Update considered the “natural next step” following SEC climate disclosure framework.
Continued delays to the US climate disclosure framework are holding up the US Securities and Exchange Commission’s (SEC) possible introduction of new sustainable fund-labelling requirements, according to industry experts.
“Guidance on labelling sustainable and ESG funds would be the natural next step for the SEC to take,” Gregory Hershman, Head of US Policy at the UN-convened Principles for Responsible Investment (PRI) told ESG Investor.
Such regulation would require US-based asset managers to ensure the names of sustainable funds better match their contents, therefore reducing the risk of greenwashing.
“If I had a nut allergy and ate something that said ‘peanut free’, when it actually contained nuts, I would be in hospital and preparing a lawsuit,” said Andrew Behar, CEO of shareholder advocacy non-profit As You Sow. “If a fund labels itself as a low carbon fund, but actually holds a number of the biggest oil and gas companies, then its contents don’t really match the label. It undermines the efforts of managers that have launched credible fossil-free funds.”
In March 2020, the SEC asked for feedback on whether the Fund Names Rule should be updated. The rule requires funds focused on a particular type of investment – such as a large cap equity fund – to invest at least 80% of its assets accordingly. Some respondents said the rule does not extend effectively to thematic or sustainable funds, calling for additional fund-labelling regulation.
“The Fund Names Rule means a so-called fossil-free fund can still hold 20% fossil fuels,” said Behar.
Studies have highlighted that greenwashing is a problem in the US.
A report by sustainable investment data provider Util compared the listed company holdings of 281 US sustainable funds and assessed the degree to which they positively or negatively contribute to the UN’s Sustainable Development Goals. Funds marketed as sustainable are “commonly exposed to the same constituents as their vanilla counterparts”, the report said.
But continued delays to the SEC’s mandatory climate reporting framework for publicly-listed companies have pushed fund-labelling down the regulatory agenda for 2022.
Originally promised by October 2021, the framework is now expected in the coming weeks. The public consultation on plans to introduce climate-related disclosure requirements for companies closed on 14 June last year and was widely supported by investors.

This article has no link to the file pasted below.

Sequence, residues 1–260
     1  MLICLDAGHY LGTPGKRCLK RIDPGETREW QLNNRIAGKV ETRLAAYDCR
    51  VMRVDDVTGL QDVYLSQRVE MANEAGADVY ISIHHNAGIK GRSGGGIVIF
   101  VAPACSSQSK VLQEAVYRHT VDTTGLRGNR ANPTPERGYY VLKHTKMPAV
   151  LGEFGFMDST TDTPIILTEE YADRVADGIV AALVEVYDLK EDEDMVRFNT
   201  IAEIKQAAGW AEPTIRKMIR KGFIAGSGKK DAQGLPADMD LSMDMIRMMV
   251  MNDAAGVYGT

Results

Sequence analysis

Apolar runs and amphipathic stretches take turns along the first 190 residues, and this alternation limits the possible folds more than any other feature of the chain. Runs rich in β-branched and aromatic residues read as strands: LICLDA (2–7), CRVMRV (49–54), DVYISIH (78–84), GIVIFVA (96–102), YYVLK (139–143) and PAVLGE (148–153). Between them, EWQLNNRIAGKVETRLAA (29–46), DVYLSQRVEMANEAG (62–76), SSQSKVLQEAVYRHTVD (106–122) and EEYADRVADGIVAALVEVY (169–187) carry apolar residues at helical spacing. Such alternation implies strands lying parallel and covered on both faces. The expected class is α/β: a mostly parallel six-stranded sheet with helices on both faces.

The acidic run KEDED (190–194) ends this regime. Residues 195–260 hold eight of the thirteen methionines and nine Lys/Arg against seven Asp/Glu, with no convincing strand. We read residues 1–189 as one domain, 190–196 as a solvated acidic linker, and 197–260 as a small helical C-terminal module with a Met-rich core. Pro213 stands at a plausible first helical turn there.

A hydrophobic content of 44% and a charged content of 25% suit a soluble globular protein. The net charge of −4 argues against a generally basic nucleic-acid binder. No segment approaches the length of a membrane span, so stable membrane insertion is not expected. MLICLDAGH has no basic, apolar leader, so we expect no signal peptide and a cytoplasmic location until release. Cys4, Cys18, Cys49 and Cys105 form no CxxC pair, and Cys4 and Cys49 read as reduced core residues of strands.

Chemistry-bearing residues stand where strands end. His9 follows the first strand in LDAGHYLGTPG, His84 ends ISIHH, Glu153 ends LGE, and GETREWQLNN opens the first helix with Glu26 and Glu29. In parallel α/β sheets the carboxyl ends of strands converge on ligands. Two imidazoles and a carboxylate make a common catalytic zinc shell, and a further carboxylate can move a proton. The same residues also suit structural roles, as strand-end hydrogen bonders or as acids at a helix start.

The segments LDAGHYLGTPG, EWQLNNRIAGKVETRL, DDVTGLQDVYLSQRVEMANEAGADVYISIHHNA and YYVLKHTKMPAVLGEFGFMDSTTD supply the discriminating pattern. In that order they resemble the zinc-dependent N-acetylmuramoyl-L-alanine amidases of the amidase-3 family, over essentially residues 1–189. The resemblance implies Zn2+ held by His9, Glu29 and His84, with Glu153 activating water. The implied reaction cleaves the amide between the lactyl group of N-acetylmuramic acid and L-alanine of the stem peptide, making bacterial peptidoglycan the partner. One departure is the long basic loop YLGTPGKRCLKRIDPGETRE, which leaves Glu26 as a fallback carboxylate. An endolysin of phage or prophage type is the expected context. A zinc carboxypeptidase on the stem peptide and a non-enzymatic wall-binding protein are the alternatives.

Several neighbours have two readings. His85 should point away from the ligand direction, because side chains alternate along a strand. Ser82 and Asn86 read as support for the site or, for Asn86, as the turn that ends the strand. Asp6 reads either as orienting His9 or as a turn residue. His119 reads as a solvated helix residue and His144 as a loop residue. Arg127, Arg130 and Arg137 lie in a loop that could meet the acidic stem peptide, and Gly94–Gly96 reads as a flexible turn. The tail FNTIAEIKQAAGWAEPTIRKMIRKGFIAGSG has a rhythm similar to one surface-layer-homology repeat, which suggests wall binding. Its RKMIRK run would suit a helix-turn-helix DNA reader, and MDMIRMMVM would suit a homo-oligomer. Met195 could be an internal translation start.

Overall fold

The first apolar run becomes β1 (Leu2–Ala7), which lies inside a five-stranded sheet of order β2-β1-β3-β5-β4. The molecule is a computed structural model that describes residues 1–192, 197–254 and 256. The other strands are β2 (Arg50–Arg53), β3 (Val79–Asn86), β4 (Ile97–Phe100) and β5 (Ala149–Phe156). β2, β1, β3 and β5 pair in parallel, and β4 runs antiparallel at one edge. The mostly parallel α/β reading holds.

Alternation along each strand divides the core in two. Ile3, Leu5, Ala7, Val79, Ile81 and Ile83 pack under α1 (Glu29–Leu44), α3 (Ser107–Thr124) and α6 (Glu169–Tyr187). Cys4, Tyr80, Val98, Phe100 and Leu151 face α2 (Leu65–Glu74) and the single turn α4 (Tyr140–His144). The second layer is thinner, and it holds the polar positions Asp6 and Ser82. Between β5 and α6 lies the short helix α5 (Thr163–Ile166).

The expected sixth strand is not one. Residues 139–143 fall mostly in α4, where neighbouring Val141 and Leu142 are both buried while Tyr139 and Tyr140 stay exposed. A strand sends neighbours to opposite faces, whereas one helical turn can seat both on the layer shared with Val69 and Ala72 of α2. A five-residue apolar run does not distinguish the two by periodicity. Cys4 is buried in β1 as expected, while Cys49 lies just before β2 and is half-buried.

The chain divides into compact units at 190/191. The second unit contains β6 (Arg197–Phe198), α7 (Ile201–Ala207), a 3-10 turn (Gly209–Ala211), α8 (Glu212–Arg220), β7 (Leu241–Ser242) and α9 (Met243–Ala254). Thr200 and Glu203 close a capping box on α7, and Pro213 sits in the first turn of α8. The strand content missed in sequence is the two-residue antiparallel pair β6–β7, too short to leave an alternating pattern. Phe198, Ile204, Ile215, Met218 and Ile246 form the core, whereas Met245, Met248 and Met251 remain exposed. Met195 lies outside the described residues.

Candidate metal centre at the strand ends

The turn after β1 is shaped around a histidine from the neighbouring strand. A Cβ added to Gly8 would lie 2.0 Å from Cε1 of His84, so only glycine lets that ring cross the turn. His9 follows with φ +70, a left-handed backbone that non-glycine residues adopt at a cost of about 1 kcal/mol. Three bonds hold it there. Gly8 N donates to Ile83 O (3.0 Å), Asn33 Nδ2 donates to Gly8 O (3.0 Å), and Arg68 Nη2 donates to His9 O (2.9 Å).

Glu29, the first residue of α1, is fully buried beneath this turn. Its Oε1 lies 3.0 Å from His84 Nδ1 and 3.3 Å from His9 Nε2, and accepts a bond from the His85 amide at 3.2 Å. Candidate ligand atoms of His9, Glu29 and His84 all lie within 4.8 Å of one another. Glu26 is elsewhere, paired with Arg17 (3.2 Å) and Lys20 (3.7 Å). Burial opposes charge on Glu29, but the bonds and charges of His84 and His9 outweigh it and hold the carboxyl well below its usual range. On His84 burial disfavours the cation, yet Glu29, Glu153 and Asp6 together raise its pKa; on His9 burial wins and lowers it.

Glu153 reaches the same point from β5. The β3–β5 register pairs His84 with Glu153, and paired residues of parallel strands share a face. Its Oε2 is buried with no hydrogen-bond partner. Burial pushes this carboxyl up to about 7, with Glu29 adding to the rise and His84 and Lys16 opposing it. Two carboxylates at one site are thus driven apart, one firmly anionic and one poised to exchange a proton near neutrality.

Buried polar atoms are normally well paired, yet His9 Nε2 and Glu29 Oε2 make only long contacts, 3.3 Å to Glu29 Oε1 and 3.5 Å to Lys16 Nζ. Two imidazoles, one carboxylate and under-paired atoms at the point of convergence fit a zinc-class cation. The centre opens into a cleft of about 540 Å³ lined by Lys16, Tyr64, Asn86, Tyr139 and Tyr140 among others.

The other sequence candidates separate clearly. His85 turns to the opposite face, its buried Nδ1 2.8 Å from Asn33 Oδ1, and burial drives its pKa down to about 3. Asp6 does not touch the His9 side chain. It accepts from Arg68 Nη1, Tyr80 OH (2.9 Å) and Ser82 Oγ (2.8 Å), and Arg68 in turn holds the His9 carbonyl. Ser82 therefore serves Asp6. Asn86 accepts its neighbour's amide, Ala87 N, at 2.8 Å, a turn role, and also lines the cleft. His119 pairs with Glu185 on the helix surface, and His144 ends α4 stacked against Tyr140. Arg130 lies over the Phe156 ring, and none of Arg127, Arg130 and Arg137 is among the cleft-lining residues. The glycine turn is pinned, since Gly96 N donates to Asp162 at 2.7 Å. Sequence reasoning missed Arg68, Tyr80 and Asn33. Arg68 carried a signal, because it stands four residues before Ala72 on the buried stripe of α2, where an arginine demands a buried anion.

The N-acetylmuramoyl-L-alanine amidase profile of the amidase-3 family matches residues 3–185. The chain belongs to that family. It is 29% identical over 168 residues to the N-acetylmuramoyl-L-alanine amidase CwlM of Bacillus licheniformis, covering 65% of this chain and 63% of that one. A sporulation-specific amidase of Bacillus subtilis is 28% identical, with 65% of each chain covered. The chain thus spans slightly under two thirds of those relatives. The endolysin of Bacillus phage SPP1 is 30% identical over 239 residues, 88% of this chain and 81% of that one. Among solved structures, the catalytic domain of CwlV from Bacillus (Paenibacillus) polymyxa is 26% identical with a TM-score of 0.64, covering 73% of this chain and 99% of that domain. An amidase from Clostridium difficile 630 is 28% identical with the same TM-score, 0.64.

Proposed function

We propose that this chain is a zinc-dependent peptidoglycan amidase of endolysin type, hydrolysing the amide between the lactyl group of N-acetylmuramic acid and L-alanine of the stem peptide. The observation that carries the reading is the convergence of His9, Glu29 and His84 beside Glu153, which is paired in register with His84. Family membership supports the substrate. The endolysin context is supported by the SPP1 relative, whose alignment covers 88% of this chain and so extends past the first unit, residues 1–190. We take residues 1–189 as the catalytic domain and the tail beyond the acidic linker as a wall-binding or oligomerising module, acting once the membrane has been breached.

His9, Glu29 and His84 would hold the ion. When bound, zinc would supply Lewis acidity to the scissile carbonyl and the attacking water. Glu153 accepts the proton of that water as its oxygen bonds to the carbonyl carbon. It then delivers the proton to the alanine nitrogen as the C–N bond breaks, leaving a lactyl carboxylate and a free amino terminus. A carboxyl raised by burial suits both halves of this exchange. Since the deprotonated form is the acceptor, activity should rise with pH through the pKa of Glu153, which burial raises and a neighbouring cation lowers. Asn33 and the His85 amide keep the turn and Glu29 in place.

The framework is understood to have been delayed due to continued debate around the inclusion of Scope 3 emissions in reporting requirements, which raises potential liability issues between regulated entities.
In lieu of guidance from the SEC, another option for fund managers and investors is to turn to voluntary frameworks.
In November 2021, the CFA Institute published its Global ESG Disclosure Standards for Investment Products. The standards aim to help investors distinguish between funds claiming to have integrated ESG factors, and can be applied to all types of investment vehicles and asset classes.
“Our disclosure requirements aim to give investors a comprehensive understanding of how investment products have been put together,” said Chris Fidler, Senior Director for Global Industry Standards at the CFA Institute.
Fidler previously told ESG Investor that the standards are designed to be of use in all jurisdictions regardless of whether they have mandatory fund-labelling rules in place, such as the EU’s Sustainable Finance Disclosure Regulation (SFDR).
Asset owners should be looking to closely scrutinise funds offered by asset managers, Hershman noted, including asking for information about why companies have been included within an ESG or sustainable investment product. They should also question why a fund has been rebadged as sustainable.
“Regulating fund names is a first step towards a European-style sustainable taxonomy, which would really outline what can be categorised as sustainable,” Hershman said. “But there is a lot more work to be done before getting there, including identifying whether the SEC would be the right authority to introduce it or if Congress would have to take it forward. The latter would introduce a number of political issues,” he said.